Turkish Defence Minister Hulusi Akar assured US officials this week that Turkey's soon to be delivered S-400s would not change any of Turkey's commitments under NATO, and promised to address any concerns the US has regarding Ankara's purchase of the Russian systems. This, he said, included making "changes to the parameters of the S-400 systems" if Washington "proves the existence of a threat."
Commenting on Akar's remarks, Mikhail Khodarenok, a retired air defence forces colonel and defence analyst who has written extensively on the S-400, explained that it wasn't entirely clear what kind of hypothetical 'threat' the system could even pose to NATO.
The only theoretical danger, according to the observer, was the possibility of 'friendly fire', i.e. if an S-400 crew's operators were to accidentally fire on NATO aircraft. But even this 'threat' has been nullified by the Identification, Friend or Foe (IFF) system, a radar-based command and control feature which the Turkish military will install aboard its complement of S-400s, Khodarenok explained.
Russia ships its air defence systems and radar components abroad without the Russia-only Parol ('Password') IFF used by the Russian military itself.
"More precisely, our systems are delivered abroad with the IFF systems that the customer wishes to install. But Russia does not provide the key information regarding its Parol system to anyone, since supplying equipment abroad with the Russian IFF would be nothing short of revealing the country's military and state secrets," the retired officer stressed.
That is not to say that Turkey itself cannot make whatever changes it wants after the systems themselves are delivered. However, "one cannot expect any profound changes to the tactical and technical characteristics of the system," Khodarenok noted.
As far as Defence Minister Akar's promise not to integrate the S-400 into existing NATO operational and tactical-level air defence systems, this isn't a problem, the observer emphasised, since "it is simply impossible to control the Triumf in automatic mode using…NATO's Integrated Air Defence System."
"These systems are simply too different, both in terms of hardware and their algorithms, with the creation of appropriate means of interfacing taking many years, and possibly ultimately coming close to the cost of one of the systems themselves," Khodarenok explained.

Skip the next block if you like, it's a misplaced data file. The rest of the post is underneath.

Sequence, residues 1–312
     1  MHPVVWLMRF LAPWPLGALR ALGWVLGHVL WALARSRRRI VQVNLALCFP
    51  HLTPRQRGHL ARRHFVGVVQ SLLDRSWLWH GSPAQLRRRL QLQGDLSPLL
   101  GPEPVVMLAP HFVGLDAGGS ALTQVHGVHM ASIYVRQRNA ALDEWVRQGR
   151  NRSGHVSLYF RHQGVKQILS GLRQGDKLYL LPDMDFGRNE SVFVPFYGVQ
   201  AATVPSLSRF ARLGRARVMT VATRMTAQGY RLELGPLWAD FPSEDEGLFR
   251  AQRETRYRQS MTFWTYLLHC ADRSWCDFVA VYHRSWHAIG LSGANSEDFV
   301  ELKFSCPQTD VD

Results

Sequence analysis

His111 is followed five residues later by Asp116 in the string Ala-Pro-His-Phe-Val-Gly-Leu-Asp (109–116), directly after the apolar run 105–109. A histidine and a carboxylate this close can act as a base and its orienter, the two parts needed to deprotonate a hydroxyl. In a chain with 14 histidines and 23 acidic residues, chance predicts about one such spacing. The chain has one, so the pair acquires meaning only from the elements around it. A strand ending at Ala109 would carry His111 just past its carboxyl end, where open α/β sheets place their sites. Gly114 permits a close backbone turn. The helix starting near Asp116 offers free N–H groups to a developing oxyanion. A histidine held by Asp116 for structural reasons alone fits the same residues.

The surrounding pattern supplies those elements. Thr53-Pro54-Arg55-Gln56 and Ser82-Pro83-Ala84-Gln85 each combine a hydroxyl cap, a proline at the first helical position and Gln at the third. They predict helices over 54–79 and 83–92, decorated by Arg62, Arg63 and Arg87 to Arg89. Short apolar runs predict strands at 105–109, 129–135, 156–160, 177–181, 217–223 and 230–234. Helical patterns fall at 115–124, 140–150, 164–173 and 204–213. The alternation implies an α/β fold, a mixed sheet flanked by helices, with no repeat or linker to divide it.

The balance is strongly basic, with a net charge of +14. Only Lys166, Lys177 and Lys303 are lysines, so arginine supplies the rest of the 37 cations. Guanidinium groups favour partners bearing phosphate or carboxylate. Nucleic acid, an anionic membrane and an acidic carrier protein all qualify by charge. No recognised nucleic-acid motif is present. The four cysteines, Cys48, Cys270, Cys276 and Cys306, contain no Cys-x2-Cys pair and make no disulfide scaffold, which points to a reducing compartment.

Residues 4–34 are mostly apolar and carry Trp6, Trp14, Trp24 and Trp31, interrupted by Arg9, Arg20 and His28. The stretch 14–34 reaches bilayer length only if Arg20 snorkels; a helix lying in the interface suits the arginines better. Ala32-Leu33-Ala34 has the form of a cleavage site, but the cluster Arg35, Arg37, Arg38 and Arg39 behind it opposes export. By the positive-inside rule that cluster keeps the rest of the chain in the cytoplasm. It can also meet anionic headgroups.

Finally, Khodarenok noted there was just one more nuance of the S-400 which provides it with advantage over US and other NATO-made defence equipment.
"Let's suppose (purely hypothetically) that the pilot of a Jordanian F-16 has received an order to shoot down an Israeli Air Force F-16. He would not be able to hit the Israeli plane. This was taken care of by the plane's manufacturer, the United States…Exactly the same kinds of restrictions are 'baked into' anti-aircraft and anti-missile systems made by the US and the West. There have been numerous examples of this in military history.
For example, in 1991, during the Gulf War, all of Saddam Hussein's French-made air defence systems were turned off via an external signal. Similar cases have been reported with France's Crotale anti-air missile system in Africa.
But the situation in the Middle East may take such a turn that countries with arms purchased in the US and other Western countries may enter into conflict, with neither side proving capable of accomplishing its combat missions. But Russian systems, [including the S-400] lack this fundamental limitation. In any situation and under any circumstances, they will always remain on alert," Khodarenok concluded.
Washington has threatened to block F-35 deliveries to Turkey if it moves forward with its S-400 purchase, with deliveries of the Russian-made system expected to begin this summer. The US has offered Turkey its Patriot PAC-3 air defence systems in place of the S-400s. Ankara agreed to consider the Patriot offer, but not as a substitute for its S-400s. Last week, Turkey hinted that it might purchase advanced Russian aircraft if it doesn't receive its F-35s.